Yes, you read that right... riding your bike without a helmet may be safer than riding with one.
Statistics are an interesting thing. They can very quickly relate large amounts of information. The problem is that without careful analysis they can create the wrong impression or give an altogether false understanding of the world.
Why It Makes Sense to Bike Without a Helmet is a simple example of this very concept:
People have tried to reason with me that because I’ve spent so much money and time developing my brain, and the cost of an injury would be so devastating, it’s clearly more important to wear a helmet. But if we start looking into the research, there’s a strong argument to be made that wearing a bike helmet may actually increase your risk of injury, and increase the risk of injury of all the cyclists around you.
The main points he makes are all valid, the sources are legitimate. What he's essentially saying is that if you get into certain kinds of accidents then having a helmet on is likely to decrease the severity of your injuries, but (and this is a big but) the fact that you are wearing a helmet possibly increases the likelihood that you will get into an accident in the first place.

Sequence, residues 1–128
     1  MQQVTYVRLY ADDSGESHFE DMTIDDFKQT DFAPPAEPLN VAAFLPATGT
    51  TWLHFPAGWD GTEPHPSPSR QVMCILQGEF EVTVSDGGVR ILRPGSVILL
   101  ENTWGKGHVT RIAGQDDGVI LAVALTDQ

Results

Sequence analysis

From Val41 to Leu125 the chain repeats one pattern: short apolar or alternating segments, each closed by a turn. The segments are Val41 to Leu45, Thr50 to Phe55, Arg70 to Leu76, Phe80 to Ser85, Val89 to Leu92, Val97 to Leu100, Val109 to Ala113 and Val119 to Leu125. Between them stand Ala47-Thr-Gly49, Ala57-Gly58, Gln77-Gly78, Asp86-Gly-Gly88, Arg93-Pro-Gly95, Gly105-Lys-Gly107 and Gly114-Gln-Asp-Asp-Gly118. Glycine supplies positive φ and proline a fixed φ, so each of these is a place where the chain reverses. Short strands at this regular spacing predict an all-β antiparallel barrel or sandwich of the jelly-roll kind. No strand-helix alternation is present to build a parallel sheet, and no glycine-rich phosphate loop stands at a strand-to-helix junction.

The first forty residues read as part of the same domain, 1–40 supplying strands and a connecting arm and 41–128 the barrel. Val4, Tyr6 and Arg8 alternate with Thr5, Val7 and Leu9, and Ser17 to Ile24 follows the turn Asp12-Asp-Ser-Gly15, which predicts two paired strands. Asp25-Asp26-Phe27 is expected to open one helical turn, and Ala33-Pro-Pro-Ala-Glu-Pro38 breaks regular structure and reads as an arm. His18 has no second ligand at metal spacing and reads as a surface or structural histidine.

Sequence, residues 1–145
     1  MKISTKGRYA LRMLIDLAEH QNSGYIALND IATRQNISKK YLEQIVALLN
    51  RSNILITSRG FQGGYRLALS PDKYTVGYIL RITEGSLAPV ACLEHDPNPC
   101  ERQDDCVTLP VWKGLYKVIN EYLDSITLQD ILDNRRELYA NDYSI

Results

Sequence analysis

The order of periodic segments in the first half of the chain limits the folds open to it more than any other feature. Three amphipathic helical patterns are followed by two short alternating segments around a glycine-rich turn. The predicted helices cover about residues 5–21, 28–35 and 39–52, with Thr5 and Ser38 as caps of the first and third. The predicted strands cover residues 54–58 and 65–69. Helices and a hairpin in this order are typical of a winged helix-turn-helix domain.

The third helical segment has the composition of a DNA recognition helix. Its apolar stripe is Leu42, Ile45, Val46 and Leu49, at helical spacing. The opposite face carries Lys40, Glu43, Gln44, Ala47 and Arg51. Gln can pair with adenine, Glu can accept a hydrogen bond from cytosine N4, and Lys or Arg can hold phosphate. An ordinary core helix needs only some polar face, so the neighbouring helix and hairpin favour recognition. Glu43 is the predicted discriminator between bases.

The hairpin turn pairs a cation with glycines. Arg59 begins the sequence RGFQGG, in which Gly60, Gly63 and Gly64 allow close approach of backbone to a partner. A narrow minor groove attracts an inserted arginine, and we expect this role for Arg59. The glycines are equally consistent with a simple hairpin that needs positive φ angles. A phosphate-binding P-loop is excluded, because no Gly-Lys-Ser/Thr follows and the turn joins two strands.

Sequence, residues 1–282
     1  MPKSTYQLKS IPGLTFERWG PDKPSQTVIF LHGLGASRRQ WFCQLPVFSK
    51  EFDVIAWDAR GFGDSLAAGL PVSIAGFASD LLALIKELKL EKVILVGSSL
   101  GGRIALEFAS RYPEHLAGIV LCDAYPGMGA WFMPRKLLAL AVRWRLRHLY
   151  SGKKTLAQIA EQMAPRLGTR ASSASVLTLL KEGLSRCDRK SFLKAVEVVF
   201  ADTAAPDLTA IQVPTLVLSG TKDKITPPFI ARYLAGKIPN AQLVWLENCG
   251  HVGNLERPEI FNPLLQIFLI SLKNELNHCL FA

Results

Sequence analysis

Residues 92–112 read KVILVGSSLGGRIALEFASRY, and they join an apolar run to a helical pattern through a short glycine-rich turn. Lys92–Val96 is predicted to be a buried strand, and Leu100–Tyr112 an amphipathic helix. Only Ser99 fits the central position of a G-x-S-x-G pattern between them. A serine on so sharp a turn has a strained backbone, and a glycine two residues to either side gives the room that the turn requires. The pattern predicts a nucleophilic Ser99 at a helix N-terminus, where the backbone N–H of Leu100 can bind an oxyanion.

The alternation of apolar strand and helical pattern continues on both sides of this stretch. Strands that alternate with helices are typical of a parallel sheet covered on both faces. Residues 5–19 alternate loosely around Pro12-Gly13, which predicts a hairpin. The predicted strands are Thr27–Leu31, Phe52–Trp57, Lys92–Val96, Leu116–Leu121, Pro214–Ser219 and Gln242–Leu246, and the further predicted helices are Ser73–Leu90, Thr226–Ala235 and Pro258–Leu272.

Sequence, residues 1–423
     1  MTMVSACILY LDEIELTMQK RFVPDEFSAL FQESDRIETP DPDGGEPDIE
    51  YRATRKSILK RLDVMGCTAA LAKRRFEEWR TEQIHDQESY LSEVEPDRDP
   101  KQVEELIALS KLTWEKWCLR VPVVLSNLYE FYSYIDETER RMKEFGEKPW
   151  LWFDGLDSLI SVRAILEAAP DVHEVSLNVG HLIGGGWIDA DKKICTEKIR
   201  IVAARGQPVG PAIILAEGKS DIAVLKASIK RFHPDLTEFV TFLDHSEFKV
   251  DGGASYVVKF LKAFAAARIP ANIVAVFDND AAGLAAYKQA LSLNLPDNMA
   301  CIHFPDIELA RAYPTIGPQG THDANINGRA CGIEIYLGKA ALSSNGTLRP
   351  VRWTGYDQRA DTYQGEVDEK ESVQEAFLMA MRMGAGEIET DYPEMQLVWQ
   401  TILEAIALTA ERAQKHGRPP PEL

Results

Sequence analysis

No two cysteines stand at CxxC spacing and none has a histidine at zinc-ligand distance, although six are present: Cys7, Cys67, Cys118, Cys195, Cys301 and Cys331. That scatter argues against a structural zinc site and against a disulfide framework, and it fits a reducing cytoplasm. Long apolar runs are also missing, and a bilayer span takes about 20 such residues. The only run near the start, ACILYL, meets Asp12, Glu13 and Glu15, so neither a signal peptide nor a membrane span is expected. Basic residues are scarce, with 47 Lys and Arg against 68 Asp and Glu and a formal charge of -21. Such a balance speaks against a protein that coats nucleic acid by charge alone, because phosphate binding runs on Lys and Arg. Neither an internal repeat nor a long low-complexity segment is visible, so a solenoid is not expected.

That second point is important, but it is often overlooked. After all, our goal should be to reduce measurable injuries, right?
Well, no, it shouldn't be. The goal should be to teach awareness and responsibility. That's hard to do.
But we can at least try to reduce the overall number of accidents resulting in any kind of hospitalization. With this in mind, the fact that wearing a helmet increases the likelihood of an accident in the first place is an important piece of information. We don't know for sure that wearing helmets is a risk factor for accidents, but there are correlations that indicate something might be going on.
This sort of secondary effect is hard to measure, but it is important to understand. Simplistic rules or laws fail to recognize that the world is a made up of complex interactions between multiple systems. Just because a simple statistic sounds good doesn't mean it's actually good for society.